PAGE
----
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1950s

August, 1955: Japan’s first transistor radio, TR-55 (Sony)

The TR-55 weighed 560 g, had five transistors, and was powered by four AA dry-cell batteries.
Remarkably compact (89 mm  140 mm  38.5 mm), the TR-55 debuted as a completely new type of radio. While Regency in the U.S. had earlier released the world’s first transistor radio, Sony’s TR-55 was the first commercially successful transistor radio in Japan and worldwide.
Other Japanese manufacturers joining the industry led to transistor radios becoming a major Japanese export. This success paved the way both for the use of semiconductors in many future consumer electronics products, including TVs, VCRs, and the Walkman, and for Japan to be a leading nation in the field of consumer electronics.
Sony was also a frontrunner in adopting the vertically integrated business model, which catalyzed further growth of the semiconductor industry.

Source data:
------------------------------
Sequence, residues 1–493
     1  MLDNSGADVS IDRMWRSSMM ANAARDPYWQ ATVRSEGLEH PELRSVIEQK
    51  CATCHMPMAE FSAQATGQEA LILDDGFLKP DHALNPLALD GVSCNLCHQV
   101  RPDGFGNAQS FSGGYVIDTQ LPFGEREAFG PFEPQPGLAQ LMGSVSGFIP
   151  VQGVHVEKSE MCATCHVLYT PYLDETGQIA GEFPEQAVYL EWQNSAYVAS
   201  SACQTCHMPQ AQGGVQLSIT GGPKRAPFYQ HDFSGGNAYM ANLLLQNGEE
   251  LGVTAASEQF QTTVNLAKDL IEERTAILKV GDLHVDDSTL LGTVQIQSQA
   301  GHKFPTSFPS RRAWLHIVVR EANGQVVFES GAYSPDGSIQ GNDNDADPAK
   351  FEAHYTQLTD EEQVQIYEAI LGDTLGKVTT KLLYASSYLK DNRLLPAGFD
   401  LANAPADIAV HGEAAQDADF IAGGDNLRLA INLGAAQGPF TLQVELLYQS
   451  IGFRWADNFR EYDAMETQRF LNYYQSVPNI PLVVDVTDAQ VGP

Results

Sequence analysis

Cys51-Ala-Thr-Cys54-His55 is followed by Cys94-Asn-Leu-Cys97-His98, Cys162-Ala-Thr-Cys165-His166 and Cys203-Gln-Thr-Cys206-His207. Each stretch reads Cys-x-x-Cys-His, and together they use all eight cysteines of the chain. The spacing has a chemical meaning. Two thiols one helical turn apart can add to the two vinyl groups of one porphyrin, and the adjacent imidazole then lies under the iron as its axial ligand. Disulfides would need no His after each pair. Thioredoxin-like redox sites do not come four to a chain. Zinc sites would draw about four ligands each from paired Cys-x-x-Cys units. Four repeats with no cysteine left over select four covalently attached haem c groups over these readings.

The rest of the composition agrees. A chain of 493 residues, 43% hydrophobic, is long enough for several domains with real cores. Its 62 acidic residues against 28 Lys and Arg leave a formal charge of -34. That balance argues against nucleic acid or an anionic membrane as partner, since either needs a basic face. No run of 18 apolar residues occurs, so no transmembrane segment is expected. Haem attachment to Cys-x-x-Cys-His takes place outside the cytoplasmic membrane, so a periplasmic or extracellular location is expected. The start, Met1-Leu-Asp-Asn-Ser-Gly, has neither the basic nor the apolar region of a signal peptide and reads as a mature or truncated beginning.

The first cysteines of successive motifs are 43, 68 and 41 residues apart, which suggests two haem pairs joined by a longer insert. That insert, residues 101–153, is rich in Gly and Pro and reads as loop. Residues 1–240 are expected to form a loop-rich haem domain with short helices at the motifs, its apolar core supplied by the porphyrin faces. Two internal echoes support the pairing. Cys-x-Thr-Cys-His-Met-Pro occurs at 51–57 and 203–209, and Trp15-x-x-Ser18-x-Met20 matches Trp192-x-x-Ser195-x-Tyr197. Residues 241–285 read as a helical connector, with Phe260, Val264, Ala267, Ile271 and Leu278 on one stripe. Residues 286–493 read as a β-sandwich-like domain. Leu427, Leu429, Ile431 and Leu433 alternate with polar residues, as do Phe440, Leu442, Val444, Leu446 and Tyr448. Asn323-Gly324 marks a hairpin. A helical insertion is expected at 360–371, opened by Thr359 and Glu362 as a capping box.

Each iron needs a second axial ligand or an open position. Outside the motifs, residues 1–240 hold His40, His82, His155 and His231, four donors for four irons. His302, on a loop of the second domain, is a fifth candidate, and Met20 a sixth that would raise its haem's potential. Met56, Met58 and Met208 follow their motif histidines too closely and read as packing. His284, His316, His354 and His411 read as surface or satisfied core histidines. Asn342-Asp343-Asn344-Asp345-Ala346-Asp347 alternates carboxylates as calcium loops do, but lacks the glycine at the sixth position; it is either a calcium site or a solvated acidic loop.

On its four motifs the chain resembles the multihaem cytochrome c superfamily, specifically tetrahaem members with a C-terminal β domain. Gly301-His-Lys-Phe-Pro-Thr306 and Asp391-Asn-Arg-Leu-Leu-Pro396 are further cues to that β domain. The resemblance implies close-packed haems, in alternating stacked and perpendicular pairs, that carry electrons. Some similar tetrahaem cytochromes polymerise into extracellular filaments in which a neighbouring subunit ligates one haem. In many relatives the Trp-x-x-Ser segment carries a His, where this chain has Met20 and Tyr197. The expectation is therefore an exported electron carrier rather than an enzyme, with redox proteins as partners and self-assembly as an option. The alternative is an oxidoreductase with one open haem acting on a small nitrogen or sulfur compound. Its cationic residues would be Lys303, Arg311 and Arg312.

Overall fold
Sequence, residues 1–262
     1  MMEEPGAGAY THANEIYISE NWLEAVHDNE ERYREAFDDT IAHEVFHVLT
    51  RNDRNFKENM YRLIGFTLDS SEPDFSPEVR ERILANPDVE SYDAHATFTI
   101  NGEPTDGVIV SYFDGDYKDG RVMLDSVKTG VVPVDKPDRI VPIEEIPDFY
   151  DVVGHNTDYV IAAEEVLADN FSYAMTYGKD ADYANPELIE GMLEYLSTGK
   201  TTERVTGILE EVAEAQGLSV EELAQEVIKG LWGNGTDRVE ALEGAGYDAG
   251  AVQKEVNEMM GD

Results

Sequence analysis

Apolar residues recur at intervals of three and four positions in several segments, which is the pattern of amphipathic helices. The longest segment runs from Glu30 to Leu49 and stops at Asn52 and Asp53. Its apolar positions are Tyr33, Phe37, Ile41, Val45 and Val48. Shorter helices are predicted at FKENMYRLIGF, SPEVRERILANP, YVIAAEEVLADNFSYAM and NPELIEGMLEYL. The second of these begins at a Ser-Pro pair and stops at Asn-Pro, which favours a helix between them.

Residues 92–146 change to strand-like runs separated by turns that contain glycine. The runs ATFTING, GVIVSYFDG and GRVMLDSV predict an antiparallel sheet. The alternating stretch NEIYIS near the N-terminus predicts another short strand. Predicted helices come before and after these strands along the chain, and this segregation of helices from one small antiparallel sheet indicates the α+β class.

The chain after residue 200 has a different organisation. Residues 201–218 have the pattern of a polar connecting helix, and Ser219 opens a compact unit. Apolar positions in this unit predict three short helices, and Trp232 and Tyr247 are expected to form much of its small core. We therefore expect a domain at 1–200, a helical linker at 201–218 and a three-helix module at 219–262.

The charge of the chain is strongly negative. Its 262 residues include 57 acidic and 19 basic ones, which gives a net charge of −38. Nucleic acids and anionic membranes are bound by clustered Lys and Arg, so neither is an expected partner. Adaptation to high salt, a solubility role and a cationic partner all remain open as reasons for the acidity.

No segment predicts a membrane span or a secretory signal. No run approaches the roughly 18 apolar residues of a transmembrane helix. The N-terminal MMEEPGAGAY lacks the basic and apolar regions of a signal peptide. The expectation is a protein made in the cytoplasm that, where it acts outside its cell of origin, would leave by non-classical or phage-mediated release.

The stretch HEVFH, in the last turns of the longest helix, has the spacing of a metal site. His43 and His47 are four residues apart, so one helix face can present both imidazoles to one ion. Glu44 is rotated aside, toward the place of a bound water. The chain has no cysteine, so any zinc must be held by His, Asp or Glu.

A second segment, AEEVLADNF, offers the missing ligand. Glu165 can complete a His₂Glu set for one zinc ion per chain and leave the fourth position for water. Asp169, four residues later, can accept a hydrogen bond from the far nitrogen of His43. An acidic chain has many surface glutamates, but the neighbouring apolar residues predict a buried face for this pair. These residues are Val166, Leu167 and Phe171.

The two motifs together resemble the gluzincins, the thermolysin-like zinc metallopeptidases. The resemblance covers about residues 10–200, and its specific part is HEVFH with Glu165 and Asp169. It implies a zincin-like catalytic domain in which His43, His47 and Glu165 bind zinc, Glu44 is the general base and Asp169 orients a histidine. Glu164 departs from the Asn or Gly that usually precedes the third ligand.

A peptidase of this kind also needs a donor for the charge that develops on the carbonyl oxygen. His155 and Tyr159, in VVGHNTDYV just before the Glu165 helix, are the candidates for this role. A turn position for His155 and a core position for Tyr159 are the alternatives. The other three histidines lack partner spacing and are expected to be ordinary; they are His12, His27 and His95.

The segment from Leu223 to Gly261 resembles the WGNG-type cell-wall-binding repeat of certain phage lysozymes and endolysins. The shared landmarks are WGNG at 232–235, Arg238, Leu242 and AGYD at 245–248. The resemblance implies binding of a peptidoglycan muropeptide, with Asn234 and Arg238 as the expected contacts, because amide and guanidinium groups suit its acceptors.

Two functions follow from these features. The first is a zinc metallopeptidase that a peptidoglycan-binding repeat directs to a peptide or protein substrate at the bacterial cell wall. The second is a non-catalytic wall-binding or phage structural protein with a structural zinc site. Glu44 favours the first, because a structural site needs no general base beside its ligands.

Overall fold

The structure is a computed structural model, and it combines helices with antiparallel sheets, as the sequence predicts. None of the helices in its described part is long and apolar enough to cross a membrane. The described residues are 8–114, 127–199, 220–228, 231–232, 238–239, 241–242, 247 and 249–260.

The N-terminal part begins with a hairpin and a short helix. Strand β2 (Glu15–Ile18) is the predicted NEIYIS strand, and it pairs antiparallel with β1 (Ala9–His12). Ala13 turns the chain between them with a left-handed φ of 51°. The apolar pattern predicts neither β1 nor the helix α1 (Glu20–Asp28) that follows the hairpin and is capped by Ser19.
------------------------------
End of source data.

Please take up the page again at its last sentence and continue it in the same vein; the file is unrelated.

Sony TR-55

1955: Japan’s first transistor-based computer is developed (Electrotechnical Laboratory)

The Electrotechnical Laboratory, under the Agency of Industrial Science and Technology of the Ministry of International Trade and Industry, completed the development of Japan’s first transistor-based computer, the ETL Mark III, in 1956.
Encouraged by this success, the laboratory followed up with the Mark IV in November 1957, and then a Mark IV A that operated several tens of times faster due to an improved magnetic drum and newly developed magnetic core storage.
The Mark IV A featured 470 junction transistors and was the fastest computer in Japan until the debut of Tokyo University’s faster parametron-based computer, the PC-2. These events raised hopes for launching a commercial-computer business in Japan.

Logic circuit plug-in package used in the ETL Mark III

ETL Mark IV magnetic drum

ETL Mark IV package: Gate circuits

1958: Transistor-based computer is completed for practical use (NEC)

NEC completed their first transistor-based computer, the NEAC-2201. The NEAC-2201 was based on the ETL MARK IV made by the Electrotechnical Laboratory.
It consisted of a main computer unit, a console, input/output devices (a paper-tape punch typewriter and a photoelectric tape reader), and a magnetic drum for use as the internal memory unit. With high-speed germanium-alloy transistors for the circuit elements, the NEAC-2201 was a unique computer that exclusively employed Japanese-made components.

NEAC 2201

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